Confidence-building and international agreement in cybersecurity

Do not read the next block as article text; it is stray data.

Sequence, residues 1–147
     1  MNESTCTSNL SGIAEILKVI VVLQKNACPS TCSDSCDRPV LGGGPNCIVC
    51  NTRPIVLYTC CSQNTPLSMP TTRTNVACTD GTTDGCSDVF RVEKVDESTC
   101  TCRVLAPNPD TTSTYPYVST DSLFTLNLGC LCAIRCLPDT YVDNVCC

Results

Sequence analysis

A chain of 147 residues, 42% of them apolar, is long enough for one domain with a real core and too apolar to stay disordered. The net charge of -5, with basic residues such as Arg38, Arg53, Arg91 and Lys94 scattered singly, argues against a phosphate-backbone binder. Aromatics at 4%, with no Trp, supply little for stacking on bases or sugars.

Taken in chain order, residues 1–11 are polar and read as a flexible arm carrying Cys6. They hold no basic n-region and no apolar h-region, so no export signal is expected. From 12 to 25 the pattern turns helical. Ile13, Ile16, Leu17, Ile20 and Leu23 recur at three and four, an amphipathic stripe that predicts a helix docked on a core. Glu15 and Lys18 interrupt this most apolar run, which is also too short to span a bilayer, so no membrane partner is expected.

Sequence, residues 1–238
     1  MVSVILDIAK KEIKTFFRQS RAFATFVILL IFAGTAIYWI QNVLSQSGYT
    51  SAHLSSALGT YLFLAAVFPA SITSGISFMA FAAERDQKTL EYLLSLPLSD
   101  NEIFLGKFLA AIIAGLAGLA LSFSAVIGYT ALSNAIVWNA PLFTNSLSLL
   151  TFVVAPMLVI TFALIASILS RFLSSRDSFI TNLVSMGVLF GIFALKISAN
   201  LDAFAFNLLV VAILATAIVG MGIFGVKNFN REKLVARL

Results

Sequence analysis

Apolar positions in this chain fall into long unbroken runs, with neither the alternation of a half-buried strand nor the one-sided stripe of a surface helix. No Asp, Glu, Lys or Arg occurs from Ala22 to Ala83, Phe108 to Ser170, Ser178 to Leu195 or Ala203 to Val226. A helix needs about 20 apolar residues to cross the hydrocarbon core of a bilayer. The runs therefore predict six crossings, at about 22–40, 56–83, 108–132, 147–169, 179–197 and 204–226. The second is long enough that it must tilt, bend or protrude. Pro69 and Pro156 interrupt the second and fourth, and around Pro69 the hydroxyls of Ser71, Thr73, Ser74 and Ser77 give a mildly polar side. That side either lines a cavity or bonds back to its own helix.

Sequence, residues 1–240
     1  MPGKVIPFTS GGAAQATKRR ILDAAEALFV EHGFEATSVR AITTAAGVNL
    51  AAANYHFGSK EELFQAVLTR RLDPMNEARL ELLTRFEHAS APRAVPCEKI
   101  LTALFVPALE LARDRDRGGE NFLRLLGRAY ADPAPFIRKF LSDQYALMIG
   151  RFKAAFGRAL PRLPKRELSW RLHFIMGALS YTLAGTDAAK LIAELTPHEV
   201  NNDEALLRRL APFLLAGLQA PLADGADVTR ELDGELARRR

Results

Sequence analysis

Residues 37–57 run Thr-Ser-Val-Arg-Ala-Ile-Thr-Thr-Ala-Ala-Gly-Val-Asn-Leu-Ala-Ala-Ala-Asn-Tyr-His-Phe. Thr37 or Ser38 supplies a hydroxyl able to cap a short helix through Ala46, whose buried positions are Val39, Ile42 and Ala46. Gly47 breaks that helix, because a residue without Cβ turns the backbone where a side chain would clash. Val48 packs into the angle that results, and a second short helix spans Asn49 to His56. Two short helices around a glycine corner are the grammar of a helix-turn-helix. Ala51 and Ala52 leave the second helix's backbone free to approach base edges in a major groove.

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1 Confidence-building and international agreement in cybersecurity James Andrew Lewis The global digital network has become the backbone of the world economy and a significant new venue for attack, but there has been little progress in negotiation or dialogue in the broader context of international security. The secure use of cyberspace has become a vital national interest of all states. As a result, states believe that malicious activity in cyberspace creates real risk to their security and they fear that, through misperception or miscalculation, such malicious actions could trigger damaging military conflict. This creates strong international pressure for multilateral agreement, but the discussion is at a very early stage. Most advanced militaries have cyber attack capabilities and many others are acquiring them. We can regard cyber attack capabilities as just another mode of attack, which like a missile or an aircraft can strike the enemy from a great distance. And like aircraft or long-range missiles, cyber attack can serve both tactical and strategic purposes. Cyber attack will not be decisive; cyber attack by itself will not win a conflict, particularly against a large and powerful opponent. But it does provide military advantage and therefore will be used. How and when it will be used can still be shaped by international negotiation. It remains an open question as to how this new aspect of warfare will fit into the existing framework governing interstate conflict, and where modification or new agreement is required to better manage conflict and risk. A June 2011 UNIDIR report prepared using open-source information reviewed policies and organizations in 133 states and found 33 states that include cyberwarfare in their military planning and organization. 1 These range from states with very advanced statements of doctrine and military organizations employing hundreds or thousands of individuals to more basic arrangements that incorporate cyber attack and cyberwarfare into existing capabilities for electronic warfare. Common elements of military doctrine include the use of cyber capabilities for reconnaissance, information operations, the disruption of critical networks and services, for cyber attacks, and as a complement to electronic warfare and information operations. Some states include specific plans for information and political operations. Cyber attack blends the techniques and tactics of electronic warfare and signals intelligence. Cyber attack will seek to disrupt opponent command and control, increasing the Clausewitzian fog of war by creating uncertainty and by damaging data and communications. A skilled opponent could damage or destroy critical infrastructure currently only a few major Cyber Powers have the capability to use software James Andrew Lewis is a senior fellow and Program Director at the Center for Strategic and International Studies (CSIS). Before joining CSIS, he worked at the US Departments of State and Commerce as a Foreign Service Officer and as a member of the Senior Executive Service. He was the Rapporteur for the 2010 United Nations Group of Governmental Experts on information Security. His current research examines strategic competition and technological innovation. Lewis received his PhD from the University of Chicago.